Originally posted by ksennin View Post
    Ha! It is a small world. Was it at some competition or a gong sau of some kind. Furey smacked too much of a selfpromoting type from the start.
    I forget the details. I do remember laughing during the story because that shits funny to me.

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  • ksennin
    replied
    Originally posted by Raycetpfl View Post
    One of my teachers broke his arm.
    Ha! It is a small world. Was it at some competition or a gong sau of some kind. Furey smacked too much of a selfpromoting type from the start.

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  • BKR
    replied
    Originally posted by Raycetpfl View Post
    One of my teachers broke his arm.
    Kids, don't try this at home...

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  • Raycetpfl
    replied
    Originally posted by ksennin View Post
    I picked up that wall exercise ages ago from some Matt Furey promo and it really worked.
    One of my teachers broke his arm.

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  • ksennin
    replied
    Originally posted by Raycetpfl View Post
    Have them go to a wall,stand about 2 foot or so away, lean backwards and walk themselves on their hands to the ground and then walk their hands back up.
    I picked up that wall exercise ages ago from some Matt Furey promo and it really worked.

    Leave a comment:


  • MrBeaj
    replied
    Originally posted by submessenger View Post
    Perhaps, then, the delineation should be "national/official/olympic/professional" vs "commercial?"

    Similar: USGA US Open was this weekend. While it's "open," you still have to qualify (or have an exemption (i.e. be a pro)).
    Pretty much everything you mentioned has a commercial element. Never saw a "free" tournament in my life. What's wrong with the old elite-pro-amateur-recreational scale? Everything seems to fit nicely in those boxes, especially the martial arts. Most are recreational, a few are pro/am and a select few are then elite by definition. Olympics, Tokyo pd, national teams are elite because they are hard to entry. US Open, easier and open to amateurs under certain rules. The US Open is a path from amateur golf to professional, potentially elite status such as the Masters. Bjj is pretty open as far as the barrier to elite status but I do agree with Michael Tzadok that age is the limiting factor. Not so much a Bjj thing, but the increasing scale of difficulty and shrinking window of opportunity.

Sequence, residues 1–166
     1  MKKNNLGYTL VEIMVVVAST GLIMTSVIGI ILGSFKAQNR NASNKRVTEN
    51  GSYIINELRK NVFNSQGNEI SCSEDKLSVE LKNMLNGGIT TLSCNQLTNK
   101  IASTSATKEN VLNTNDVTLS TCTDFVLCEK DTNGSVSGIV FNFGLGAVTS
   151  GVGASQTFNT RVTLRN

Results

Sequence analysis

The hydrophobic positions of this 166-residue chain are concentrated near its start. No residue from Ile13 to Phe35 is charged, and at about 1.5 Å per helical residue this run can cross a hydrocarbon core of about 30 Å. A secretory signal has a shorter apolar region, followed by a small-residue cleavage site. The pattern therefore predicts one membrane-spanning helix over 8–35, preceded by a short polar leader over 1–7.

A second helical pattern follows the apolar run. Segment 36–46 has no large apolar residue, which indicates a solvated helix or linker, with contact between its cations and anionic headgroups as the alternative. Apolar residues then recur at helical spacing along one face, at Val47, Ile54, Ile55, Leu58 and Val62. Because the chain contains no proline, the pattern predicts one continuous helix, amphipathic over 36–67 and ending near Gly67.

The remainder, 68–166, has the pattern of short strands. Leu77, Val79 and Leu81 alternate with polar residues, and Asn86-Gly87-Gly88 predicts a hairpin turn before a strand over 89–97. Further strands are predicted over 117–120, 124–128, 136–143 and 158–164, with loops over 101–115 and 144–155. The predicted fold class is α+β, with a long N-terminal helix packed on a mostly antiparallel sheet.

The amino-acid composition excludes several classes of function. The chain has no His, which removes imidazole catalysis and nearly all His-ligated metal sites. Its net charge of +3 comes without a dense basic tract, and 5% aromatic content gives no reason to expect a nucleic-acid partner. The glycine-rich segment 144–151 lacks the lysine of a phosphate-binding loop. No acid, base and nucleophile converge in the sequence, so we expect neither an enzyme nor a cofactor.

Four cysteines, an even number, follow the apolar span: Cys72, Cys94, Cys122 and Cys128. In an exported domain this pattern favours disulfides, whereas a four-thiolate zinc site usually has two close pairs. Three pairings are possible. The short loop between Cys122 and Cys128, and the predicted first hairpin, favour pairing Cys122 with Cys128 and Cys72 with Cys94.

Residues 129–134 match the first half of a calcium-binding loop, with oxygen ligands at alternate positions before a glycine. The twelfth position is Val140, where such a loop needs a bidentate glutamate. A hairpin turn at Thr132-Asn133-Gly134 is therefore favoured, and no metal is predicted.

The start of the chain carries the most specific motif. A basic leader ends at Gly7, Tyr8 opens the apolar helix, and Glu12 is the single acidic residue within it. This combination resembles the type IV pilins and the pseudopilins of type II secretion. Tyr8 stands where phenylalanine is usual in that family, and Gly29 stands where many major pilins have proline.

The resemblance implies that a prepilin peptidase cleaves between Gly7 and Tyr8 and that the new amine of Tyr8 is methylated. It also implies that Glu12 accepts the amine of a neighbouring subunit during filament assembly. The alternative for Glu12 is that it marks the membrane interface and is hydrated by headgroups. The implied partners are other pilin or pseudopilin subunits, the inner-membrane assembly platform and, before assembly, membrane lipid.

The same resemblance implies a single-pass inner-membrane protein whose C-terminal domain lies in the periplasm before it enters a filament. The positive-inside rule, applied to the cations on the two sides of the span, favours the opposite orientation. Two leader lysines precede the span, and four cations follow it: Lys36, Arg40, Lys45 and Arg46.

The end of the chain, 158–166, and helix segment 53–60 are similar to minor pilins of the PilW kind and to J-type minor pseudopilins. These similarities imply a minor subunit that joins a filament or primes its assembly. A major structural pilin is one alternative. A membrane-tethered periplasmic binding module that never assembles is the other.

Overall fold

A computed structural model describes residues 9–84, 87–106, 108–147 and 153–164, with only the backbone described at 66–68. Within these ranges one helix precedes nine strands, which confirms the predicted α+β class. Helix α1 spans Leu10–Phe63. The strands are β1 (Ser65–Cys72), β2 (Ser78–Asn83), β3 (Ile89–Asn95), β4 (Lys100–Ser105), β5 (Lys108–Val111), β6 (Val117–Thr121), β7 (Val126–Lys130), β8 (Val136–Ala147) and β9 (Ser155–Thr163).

Everyone has only a tiny little window of life through which they could be an elite at anything. SEAL, fencer, master at kendo, BJJ champion. I think this is why bullshido masters are so numerous. People love to pretend they hit that window, and no product out there in the market is as tuned for that customer than martial arts schools. IF you didn't become the elite fighter or ninja warrior you could have been at 20, there are schools out there ready to take your money to convince you it's still possible at 50, when it's not.
    Last edited by MrBeaj; 6/18/2018 11:12am, .

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  • Michael Tzadok
    replied
    Originally posted by NeilG View Post
    You are taking your experience with BJJ and trying to apply it across all martial arts and it just doesn't cut it. Take fencing, which is about as much on the sport side as it is possible to get with martial arts: guys that are on national teams come from local salles and you can practice with them. Salle Seguin here in town has produced a couple of national team members. Getting in on the actual national team practices is another matter entirely. Same with kendo: my friend Kyle Lee is the Canadian team captain and practices regularly at Chinook Kendo Club in Calgary. I can go practice with him any time in Calgary and he comes here every year for our seminar, but I'm not getting in on the national team practices unless I'm a member, prospect or coach.